London's clubs, where punk, new wave and the majority of today's electronic music was originated, are thriving today. Your impression of the city will be incomplete without visiting at least 2 or 3 of them.
Of all the clubs in London, perhaps The Alibi is my favorite. I liked it as it was two years ago when it just opened. The club was unfinished and dirty, but with a very cool atmosphere and the best parties in town.
The Alibi was started by the promoters of Real Gold with the money earned from the management of the pub Macbeth. When it hosted the first parties, the walls were still unpainted, it was dirty and dusty everywhere, but the audience in those days was much nicer. Today at The Alibi you can meet black men in caps and guys in city suits, such adjacency often ends up with fights right on the dance floor. But just a year ago, you could bump into a DJ Matthew Stone and musician Douglas Mccarthy.
Entrance to the club is free of charge, but there is usually a long waiting line. On Mondays they reel free movies .
The Waiting Room (the former Drop Club)
This club accommodating 130 people is set in the basement of The Three Crowns pub in Stoke Newington. Aside from going to concerts there I also arranged my own More Than Ever parties at the club. All kinds of music events and even poetry readings take place there. Music is played from folk to EBM. The coolest parties are Endurance, The Thing and A Love from Outer Space. The place is next to Church Street packed with pleasant bars, cafes and restaurants. The Waiting Room has no sign at all, just like when the club was called The Drop. So you need to locate The Three Crowns pub and head to The Waiting Room down in the basement.
A new club in the heart of Dalston, which opened January 26 of 2012. A pretty dark and unusual place, which is slowly becoming one of the main spots in the area. The slogan says: "Go deep, respect no limits". So far not very many musicians have played there, but the expectations are pretty high. There are two dance floors, and a restaurant, managed by a pretty famous chef Elaine Chalmers. Many interesting parties are being planned to be thrown there by top promoters.
One of the hardly legal clubs of Dalston. Hosts parties regularly, mostly playing disco, italo and electro. You can smoke inside, which is quite unique for London. The club is attended by mostly hip audience. We could say that Passion is an alternative to the cheesy Alib.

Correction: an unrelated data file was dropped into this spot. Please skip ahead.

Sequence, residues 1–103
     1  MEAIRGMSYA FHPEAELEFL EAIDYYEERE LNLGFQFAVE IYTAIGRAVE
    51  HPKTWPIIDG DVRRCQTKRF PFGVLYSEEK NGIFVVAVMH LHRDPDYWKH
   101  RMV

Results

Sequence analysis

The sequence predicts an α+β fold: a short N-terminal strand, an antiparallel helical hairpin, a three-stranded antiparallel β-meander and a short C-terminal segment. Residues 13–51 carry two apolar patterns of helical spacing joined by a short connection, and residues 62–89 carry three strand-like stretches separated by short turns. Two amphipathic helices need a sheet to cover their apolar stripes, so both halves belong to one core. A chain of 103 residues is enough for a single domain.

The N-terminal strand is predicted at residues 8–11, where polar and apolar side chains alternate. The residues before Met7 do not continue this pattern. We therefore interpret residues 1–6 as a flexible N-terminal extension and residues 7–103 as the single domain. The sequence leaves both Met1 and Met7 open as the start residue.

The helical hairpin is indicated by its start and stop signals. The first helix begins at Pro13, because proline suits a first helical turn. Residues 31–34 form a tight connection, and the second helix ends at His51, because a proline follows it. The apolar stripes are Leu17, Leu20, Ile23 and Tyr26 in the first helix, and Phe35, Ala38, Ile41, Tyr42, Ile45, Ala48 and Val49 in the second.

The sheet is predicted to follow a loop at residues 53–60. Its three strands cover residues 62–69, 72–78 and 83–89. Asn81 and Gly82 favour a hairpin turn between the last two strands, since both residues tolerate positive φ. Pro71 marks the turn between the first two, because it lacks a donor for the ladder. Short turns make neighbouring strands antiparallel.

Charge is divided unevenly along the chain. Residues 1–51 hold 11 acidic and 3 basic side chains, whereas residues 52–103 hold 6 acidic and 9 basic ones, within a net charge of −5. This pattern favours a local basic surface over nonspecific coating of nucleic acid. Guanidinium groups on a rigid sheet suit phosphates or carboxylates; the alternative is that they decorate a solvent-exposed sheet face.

Notting Hill Arts Club
Once it was an elite club in west London close to Portobello. Now the situation has changed. In Notting Hill Arts Club they play almost all styles and trends, even dubstep. Sometime ago the girls from the band Client were running in the club their parties. The place is also known for initial providing a platform for DJ performances of now such stars as Courtney Love.
Admission normally costs £5-7.
The Oto Cafe
The Oto Cafe is famous for its super intelligent public, as well as the concerts and parties with alternative music. This eatery is located next door to Arcola theater. During the day you can have a meal or drink coffee, and in the evening - listen to live music, attend grand opening of art exhibition or presentation, and later - to dance. Perhaps this is one of the few places in London where concerts take place every day, and almost every Sunday - for free. Apart from its incredible selection of drinks including organic juices, coffees and teas, The Oto Cafe serves beer from its own small brewery and under the company label.
A large club near Angel tube station, a few steps from Islington Metal. Owns three dance floors and a huge chill-out space with food and slot machines. It used to be the main venue for city raves and industrial parties. The club hosted Bangface Festival for several years. At that time it was dirty and grim, water dripping from the ceiling. But it was still the best place for raves ever. Renovation turned Electrowerkz into an ordinary club which plays all kinds of music.